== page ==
Linux User in Solaris 10 Survival Guide
28 Sep2007

This week aside from tons of different tasks I was working on one of MMM users complaint regarding some issues with MMM on Solaris 10. I knew that this OS has not so user (admin) friendly environment (especially for people with strong GNU-related background), but had no other options and decided to install Solaris 10 in VMWare Fusion on my desktop.

Installation was a bit strange comparing to Debian/RHEL/Ubuntu and FreeBSD where I have a strong experience, but I’ve managed to install it successfully. The major problem after my first boot was a lack of knowledge about how things could be done in Solaris… Below I’ll describe what generic Linux admin could do with Solaris to make it easier to use and more friendly for GNU-addicted mind 😉

Notice: If you’re Solaris administrator, please, don’t read further because I’m pretty sure that all these suggestions would look dumb for you (I knew some old solaris admins before and they hated GNU environments).

First of all, you’ll need to add some non-root user account to be able to login remotely via SSH. I did it using some Users&Groups Management tool after my first login into Gnome desktop.

Second step I did (but it is not mandatory I think) was to disable Solaris graphical login and enable remote (ssh) root login (someone would say it is dumb, but I like to be able to log in with any user account I want). To do it I’ve logged in via ssh and executed a command:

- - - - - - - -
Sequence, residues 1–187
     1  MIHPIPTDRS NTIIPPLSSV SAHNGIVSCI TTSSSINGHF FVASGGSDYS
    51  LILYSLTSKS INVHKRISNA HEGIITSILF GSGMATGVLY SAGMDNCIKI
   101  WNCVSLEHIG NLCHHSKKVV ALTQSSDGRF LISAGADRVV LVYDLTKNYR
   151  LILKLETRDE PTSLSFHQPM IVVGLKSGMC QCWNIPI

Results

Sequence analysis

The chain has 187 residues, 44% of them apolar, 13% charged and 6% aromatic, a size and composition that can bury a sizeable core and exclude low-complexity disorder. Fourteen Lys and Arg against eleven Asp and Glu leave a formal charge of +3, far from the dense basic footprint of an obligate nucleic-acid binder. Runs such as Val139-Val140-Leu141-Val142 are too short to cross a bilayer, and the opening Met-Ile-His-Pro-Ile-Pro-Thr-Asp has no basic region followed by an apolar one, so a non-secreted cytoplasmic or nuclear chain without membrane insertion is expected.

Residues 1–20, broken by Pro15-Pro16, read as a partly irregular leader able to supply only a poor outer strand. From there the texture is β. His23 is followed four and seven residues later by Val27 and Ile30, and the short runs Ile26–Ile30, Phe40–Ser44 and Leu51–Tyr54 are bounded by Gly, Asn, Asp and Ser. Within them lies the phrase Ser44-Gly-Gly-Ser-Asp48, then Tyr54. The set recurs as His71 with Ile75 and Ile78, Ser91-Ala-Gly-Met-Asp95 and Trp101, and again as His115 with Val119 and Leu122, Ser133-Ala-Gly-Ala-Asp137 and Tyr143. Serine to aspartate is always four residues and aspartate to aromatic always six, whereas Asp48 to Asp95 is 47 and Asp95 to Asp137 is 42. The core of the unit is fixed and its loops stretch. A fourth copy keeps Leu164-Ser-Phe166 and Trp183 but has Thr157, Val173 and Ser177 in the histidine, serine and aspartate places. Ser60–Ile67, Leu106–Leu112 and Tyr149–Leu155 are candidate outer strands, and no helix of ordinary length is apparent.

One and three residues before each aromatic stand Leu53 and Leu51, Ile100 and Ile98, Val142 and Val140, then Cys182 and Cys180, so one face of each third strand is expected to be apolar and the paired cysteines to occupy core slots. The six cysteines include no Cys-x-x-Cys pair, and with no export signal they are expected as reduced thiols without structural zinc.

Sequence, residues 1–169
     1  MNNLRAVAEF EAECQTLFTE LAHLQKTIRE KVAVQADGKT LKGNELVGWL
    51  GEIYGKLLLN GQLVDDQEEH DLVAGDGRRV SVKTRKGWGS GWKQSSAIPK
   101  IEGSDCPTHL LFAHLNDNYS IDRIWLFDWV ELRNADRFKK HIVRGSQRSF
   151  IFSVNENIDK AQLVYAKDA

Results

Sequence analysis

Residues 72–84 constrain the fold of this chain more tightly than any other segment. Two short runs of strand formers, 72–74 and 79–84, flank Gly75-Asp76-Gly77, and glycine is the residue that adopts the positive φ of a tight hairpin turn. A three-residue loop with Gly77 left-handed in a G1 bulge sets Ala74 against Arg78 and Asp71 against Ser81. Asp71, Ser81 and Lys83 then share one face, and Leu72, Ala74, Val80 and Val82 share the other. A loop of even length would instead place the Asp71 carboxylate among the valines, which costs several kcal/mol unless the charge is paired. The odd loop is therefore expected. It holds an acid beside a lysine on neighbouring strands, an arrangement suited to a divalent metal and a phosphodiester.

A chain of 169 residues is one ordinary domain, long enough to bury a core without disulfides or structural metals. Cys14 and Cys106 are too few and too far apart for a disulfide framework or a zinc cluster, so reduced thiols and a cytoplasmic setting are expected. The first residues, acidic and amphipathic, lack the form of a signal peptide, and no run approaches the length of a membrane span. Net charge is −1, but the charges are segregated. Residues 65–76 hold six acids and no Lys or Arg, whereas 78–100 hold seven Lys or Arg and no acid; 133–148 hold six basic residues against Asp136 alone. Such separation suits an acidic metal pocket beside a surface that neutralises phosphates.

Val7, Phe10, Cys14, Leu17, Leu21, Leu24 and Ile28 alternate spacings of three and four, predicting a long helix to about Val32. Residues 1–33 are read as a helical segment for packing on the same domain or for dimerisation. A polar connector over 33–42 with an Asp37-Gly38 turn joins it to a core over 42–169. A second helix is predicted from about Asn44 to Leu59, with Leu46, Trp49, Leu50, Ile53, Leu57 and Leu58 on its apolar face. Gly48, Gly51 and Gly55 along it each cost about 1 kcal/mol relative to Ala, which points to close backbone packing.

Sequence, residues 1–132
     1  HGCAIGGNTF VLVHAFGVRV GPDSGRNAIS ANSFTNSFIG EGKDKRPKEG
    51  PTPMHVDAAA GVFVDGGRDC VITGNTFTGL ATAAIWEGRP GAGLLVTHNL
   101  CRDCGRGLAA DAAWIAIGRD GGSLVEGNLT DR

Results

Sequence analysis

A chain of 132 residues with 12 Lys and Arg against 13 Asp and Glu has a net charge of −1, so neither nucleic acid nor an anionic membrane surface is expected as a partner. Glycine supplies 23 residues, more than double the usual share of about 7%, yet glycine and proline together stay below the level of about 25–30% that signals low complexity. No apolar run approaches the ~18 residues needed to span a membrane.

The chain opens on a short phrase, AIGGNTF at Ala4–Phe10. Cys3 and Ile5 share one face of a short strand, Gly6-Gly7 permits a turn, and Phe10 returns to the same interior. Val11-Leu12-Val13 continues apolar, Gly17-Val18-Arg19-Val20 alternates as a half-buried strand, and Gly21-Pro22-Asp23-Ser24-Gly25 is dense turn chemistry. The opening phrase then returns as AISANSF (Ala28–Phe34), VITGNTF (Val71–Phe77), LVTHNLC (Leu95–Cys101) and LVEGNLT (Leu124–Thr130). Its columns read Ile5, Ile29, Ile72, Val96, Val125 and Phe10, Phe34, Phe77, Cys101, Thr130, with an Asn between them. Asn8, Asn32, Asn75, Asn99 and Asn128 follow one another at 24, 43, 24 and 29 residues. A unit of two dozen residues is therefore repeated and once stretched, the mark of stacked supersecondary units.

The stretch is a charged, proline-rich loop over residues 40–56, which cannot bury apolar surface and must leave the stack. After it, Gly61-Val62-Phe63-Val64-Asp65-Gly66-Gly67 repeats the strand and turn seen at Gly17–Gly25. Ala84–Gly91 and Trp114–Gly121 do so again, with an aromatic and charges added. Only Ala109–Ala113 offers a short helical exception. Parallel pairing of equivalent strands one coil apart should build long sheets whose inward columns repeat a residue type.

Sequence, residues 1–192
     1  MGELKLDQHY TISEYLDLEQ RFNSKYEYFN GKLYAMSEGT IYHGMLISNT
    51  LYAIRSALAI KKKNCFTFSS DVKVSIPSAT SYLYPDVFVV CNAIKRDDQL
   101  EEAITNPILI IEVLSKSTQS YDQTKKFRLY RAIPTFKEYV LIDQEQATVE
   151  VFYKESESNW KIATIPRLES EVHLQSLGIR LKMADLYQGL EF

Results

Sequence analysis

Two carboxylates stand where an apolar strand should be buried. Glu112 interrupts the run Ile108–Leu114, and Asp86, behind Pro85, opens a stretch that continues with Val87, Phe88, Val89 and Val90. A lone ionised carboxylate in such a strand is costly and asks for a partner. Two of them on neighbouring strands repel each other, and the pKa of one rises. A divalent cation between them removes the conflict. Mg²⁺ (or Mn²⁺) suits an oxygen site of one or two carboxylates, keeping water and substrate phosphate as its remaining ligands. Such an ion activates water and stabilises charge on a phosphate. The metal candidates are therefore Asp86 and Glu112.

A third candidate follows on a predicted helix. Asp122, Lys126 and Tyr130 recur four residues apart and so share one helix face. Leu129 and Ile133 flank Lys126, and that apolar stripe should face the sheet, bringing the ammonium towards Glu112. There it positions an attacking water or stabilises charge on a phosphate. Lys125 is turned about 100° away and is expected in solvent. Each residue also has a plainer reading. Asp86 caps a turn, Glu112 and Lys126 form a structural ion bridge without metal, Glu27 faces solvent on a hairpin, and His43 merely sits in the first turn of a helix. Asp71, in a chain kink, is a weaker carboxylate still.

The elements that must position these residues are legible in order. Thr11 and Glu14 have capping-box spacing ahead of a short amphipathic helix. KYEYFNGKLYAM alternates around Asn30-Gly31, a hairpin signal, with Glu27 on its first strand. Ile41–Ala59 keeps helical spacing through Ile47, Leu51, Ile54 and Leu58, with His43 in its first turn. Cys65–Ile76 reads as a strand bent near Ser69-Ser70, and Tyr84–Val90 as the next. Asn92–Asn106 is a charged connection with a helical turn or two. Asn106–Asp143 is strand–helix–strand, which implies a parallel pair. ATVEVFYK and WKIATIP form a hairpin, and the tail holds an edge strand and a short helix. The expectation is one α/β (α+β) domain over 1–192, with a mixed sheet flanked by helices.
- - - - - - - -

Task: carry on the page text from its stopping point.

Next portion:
# /usr/dt/bin/dtconfig -d
desktop auto-start disabled.
# vi /etc/ssh/sshd_config
.... change PermitRootLogin from no to yes ....
# svcadm restart ssh

Just after this step I’ve installed software packages management tool:

# pkgadd -d
.... lots of output ....

When it was finished I’ve added following line to ~/.profile and rebooted the server:


After the reboot, I’ve logged in remotely, ran bash and installed all I needed for happier life:

# pkg-get install perl gcc3 subversion top tcpdump tcptraceroute mtr
# pkg-get install mysql5 mysql5client mysql5devel less

That’s it! After these few steps I’ve got pretty nice system with many tools I’ve got used to and was able to fix a bug for customer pretty quickly.

Notice: Of course, many of you would like to use bash as your root account primary shell, but I would not recommend to do it because it could cause weird problems in case of server crash (/bin/sh is statically linked and has more chances to run in case of FS crashes).